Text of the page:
A Canadian born in Ontario, Conde became a U.S. citizen and gained attention as the head of the Motion Picture Department of the Civil Information and Education Section in 1945-1946. He also was known for covering the Tokyo War Crimes Trials from 1946-1947. The collection includes records from the International Military Tribunal for the Far East (1946-47) from Conde’s own research notes to photographs, ephemera and trial transcripts. Some materials are available through our digital collections, but the full fonds is in UBC’s Rare Books and Special Collections.


“Allen Sillas Wilmot and Mary Corburt”

A group portrait, presumably between 1870 and 1880

And, finally, there’s one group that’s definitely peaked our interest, and we wish we knew more about them. The album [Jock Taylor’s Travels] is believed to depict the adventures of the HMS Zealous, including this photo captioned as “Allen Sillas Wilmot and Mary Corburt.” They’re a rather smiley crew for the period. But who were they? Not all that hair is real, right? And what’s with the poses? And, most pressingly, what do the two hand signals mean?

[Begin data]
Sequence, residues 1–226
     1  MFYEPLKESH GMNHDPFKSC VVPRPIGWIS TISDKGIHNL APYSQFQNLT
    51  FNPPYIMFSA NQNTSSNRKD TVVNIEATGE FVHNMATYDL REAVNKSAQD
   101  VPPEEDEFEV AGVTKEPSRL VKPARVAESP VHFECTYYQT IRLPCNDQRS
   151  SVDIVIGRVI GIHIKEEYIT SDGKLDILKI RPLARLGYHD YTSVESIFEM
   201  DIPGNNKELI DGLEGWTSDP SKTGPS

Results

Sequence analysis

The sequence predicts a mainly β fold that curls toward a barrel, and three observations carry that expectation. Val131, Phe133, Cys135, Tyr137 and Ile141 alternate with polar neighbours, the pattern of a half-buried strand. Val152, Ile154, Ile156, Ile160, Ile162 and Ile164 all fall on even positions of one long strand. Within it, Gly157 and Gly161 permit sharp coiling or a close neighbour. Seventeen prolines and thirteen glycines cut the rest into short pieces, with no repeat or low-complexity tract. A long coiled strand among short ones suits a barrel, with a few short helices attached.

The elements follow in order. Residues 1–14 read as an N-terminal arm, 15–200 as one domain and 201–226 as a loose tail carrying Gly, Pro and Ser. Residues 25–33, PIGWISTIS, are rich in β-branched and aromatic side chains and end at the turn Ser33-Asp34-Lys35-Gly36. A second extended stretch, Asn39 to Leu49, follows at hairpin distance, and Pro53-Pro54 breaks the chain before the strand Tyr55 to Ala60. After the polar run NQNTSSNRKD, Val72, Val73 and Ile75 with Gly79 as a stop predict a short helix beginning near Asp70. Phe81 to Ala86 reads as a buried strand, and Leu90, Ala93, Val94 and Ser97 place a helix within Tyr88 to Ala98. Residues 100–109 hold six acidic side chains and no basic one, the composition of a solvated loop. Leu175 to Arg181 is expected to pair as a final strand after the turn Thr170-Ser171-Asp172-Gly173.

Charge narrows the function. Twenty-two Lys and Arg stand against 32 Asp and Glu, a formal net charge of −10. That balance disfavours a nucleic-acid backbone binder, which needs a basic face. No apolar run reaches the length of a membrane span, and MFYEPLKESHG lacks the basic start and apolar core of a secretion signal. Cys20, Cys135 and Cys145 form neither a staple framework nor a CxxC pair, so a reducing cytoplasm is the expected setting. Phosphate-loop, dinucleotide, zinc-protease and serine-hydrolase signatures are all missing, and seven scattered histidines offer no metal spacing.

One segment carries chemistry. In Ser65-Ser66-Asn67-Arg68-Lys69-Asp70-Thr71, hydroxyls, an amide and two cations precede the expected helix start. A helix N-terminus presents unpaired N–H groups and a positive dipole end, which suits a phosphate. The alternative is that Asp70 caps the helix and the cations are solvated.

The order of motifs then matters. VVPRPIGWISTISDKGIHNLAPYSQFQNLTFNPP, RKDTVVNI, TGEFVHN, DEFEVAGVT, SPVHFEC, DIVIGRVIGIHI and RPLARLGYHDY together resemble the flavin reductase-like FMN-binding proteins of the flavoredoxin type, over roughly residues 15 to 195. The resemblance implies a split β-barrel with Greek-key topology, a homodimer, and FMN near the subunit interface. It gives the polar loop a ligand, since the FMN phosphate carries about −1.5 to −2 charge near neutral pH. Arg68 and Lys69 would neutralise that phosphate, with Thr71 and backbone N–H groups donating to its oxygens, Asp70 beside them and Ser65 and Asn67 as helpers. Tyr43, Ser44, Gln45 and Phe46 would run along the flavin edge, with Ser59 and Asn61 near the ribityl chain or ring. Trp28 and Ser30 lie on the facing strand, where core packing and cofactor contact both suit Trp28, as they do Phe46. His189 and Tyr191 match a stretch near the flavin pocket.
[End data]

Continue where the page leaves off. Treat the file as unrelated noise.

The school term is over, finals are over, the sun is shining for more than an hour at a time… We’re spotting signs of summer both outside and in our collections!

Hats and tea, between 1895-1905


Dockside poses, 1924


Reading outdoors totally counts as being outdoorsy between 1910 and 1920


1959 family time


Wooded wonderland, between 1900 and 1910


Boating and swimming at Horseshoe Bay during the 1922 UBC Alumni Picnic


Camping at the north shore of English Bay in 1901


Boat snoozing, between 1920 and 1925


Camping and fishing with (furry) friends, 1937


Tennis trash talking, 1910


1912: Ties not optional


Hockey season may be over for the Canucks, but with a long history, the sport lives all year in our collections!


Women’s field hockey team, circa 1898


UBC women’s ice hockey, 1921


Hockey game against Czechoslovakia, 1980


1950s field hockey with Oxford-Cambridge


McGill women’s grass hockey, 1911


Canadian field hockey pioneer Dr. Harry Warren pictured with children (no date)


Smith Falls High School hockey (no date)


Women’s grass hockey, 1944


Ice hockey, 1939


Canadian women’s field hockey champions, 1980/81


If it’s the sounds of hockey you’re missing, we have an hour-long broadcast of a 1974 ice hockey game against Alberta you can listen to here.

Planning a remodel? Want to refresh your decor? You just might catch the renovation bug after checking out these spaces!

Perhaps vintage log cabin is your style: nature-inspired and cozy.